For the 3rd round, submission of a feasibility report (FR) was stipulated along with bids, as bidders were quoting high numbers of PNG-domestic connections in the 1st and 2nd rounds, with
near zero tariff bidding. There was also a stipulation that variations between the figures in FR and actual figures quoted should not be more than +/- 20%. Despite these changes, several
bids continued to be aggressive (low capex, opex, high gas demand, high inch km of pipelines, domestic connections etc).

In order to ensure more rational bids, the regulator made further changes in the bidding criteria from September 2013 and is as listed below:

Table 2: Bidding Criteria applicable Bid-Round 4 onwards upto Bid-Round 8


Parameters Weightage
Lowness of the present value of the overall unit network tariff (Rs./MMBTU) over the economic life of the network project (25 years) 70%
Lowness of the present value of the compression charge (Rs./kg) for dispensing CNG at the CNG stations over the economic life of the network project (25 years) 30%

While the FR was dispensed with, the modified norm specified limits on annual variation of the network tariff and compression charges which was to ensure more rational bidding from
participants. Additionally, the last two points of the criteria that was specified earlier were substituted by a minimum work programme for PNG domestic connections and inch kilometre
of steel pipelines to be laid by the successful bidder. The rationale for this substitution was to ensure mandatory compliance to achieve adequate coverage of the GA and population so
that the benefits of gas supply reach the largest number of people.

In case of a tie in tariff bid by players, the winner is selected based on the value of bid bond submitted. Once the company which submits the highest bid bond wins the bid, as per
guidelines, it has to submit a performance guarantee valid for five years equivalent to four times the value of the bid bond (which has to be renewed every five years till the end of
authorisation period which is 25 years). As a result of the higher competition for some GAs, the performance guarantees required to be submitted were significantly high (as high as Rs
40-50 billion). Furthermore, in almost all the bids after Bid-Round 4, the network tariff and compression charge were quoted at the lowest possible value (1 paisa per MMBTU or Kg) by all
participants and the winners were selected based on the highness of the bid bond submitted, which crowded out small and medium sized companies as the larger Oil & Gas companies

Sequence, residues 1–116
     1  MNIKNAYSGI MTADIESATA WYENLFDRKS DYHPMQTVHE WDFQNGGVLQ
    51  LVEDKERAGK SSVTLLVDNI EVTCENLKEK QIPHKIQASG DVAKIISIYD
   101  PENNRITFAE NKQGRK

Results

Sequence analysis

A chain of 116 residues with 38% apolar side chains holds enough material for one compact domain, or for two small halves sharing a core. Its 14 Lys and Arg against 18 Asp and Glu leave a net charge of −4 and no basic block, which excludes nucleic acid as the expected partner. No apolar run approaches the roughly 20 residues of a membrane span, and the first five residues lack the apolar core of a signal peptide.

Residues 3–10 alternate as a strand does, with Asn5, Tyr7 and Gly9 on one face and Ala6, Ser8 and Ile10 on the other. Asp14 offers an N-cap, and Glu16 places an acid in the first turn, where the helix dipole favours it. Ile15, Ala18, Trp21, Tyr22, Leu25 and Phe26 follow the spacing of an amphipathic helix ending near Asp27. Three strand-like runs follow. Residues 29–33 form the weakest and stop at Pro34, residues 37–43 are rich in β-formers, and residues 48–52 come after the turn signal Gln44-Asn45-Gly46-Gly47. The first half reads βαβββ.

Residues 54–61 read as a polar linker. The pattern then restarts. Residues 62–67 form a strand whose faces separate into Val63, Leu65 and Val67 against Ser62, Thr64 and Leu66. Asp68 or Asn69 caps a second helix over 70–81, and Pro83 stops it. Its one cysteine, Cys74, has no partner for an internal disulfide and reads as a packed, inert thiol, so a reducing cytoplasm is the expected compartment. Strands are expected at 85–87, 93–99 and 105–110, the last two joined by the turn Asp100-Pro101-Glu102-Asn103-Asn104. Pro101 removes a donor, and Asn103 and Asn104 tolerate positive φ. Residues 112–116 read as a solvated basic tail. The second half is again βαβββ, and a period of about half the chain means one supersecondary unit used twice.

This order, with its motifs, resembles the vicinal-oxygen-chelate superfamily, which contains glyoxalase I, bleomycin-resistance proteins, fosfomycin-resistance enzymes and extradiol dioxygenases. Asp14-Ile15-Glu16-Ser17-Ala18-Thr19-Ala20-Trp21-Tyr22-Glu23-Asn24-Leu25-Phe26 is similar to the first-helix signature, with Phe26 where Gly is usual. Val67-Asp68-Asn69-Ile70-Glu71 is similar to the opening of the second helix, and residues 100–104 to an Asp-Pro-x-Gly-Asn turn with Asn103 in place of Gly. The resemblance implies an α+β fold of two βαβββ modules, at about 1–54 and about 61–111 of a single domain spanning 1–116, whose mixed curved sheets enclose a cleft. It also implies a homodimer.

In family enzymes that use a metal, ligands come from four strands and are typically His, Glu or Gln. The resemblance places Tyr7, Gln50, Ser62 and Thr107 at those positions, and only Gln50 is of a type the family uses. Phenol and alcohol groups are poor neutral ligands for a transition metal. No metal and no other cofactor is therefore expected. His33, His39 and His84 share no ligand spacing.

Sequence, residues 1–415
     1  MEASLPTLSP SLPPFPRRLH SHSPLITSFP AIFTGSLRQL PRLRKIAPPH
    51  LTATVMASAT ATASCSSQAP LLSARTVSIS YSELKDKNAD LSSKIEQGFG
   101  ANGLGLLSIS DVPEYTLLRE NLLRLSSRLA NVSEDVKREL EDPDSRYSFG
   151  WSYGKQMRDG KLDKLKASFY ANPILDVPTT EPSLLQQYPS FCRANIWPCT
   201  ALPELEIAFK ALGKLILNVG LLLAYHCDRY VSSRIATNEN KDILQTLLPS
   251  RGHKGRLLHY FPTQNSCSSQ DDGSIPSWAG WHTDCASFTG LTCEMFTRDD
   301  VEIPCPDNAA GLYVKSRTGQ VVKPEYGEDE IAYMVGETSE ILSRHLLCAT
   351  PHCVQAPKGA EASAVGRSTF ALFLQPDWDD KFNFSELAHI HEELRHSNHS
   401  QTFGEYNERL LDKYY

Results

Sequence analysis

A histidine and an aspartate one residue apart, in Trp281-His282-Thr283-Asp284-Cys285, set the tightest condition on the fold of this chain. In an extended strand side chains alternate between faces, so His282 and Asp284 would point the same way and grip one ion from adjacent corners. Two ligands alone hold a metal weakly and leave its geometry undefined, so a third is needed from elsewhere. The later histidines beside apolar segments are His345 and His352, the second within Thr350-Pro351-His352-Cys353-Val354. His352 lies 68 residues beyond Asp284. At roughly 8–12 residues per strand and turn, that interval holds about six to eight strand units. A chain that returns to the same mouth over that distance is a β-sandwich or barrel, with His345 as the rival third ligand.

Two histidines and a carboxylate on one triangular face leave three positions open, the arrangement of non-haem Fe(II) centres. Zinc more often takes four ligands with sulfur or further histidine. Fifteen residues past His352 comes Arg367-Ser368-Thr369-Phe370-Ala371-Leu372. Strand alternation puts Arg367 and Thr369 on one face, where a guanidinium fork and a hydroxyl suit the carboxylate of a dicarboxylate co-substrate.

with deep pockets were able to secure bank guarantees at a nominal cost. While the aggressive bids had their own reasoning for near zero tariff bids, the bidding process was increasingly
being seen as unjust to smaller players and not conducive for sustainable growth of the industry over the long term.

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As the bidding process was riddled with several infirmities, in August 2016, the MoPNG constituted a committee to recommend the alternate models on bidding criteria
to grant authorization for CGD network in the country. The committee report was submitted on September 1, 2017. PNGRB had invited comments from any person or
entity on the committee’s report by November 20, 2017.

In January 2018, PNGRB released a draft regulation for CGD Authorization and in April 2018, the PNGRB has notified the amended regulations – “Authorising Entities to
Lay, Build, Operate or Expand City or Local Natural Gas Distribution Networks - Amendment Regulations, 2018”. The below table highlights the key changes in the
regulation and ICRA’s view on the impact of the changes.

Table 3: Key changes in the regulations and ICRA’s view


Earlier provision New Regulation ICRA’s view
(i)Financial Eligibility
Minimum net worth for qualification Ranges from Rs 0.5 billion (for GA with 0.1 million population This is to ensure that only serious and financially
ranges from Rs 0.05 billion (0.1 million and lower) to Rs 1.5 billion (for GA with 5 million population). stronger bidders participate, who meet the financial
population) to Rs 1.5 billion (5 million Over 5 million population, Rs 0.3 billion for every 1 million requirement of setting up and handling a CGD project.
population). Proportionately higher after.

(ii) Bidding criteria


a) Lowness of the present value (PV) of a) Lowness of the transportation rate for CGD*. Minimum bid The new bidding criteria shall ensure that the focus is
the overall unit network tariff for the rate is Rs 30/mmbtu* (10% weightage) on expanding the PNG pipeline and CNG network
CGD network (70% weightage) b) Lowness of the transportation rate for CNG. Minimum bid (50%+20%+10%=80%). Floor rates for the
b) Lowness of the present value(PV) of rate is Rs 2/kg).* (10% weightage) transportation rates will prevent un-reasonable
the overall unit compression charge c) Highness of Number of CNG Stations to be installed within 8 bidding of low rates. WPI linking of the transportation
for CNG for dispensing in the CNG exclusivity (or contract) years (20% weightage) rates reduces complexity of the bid. ICRA believes that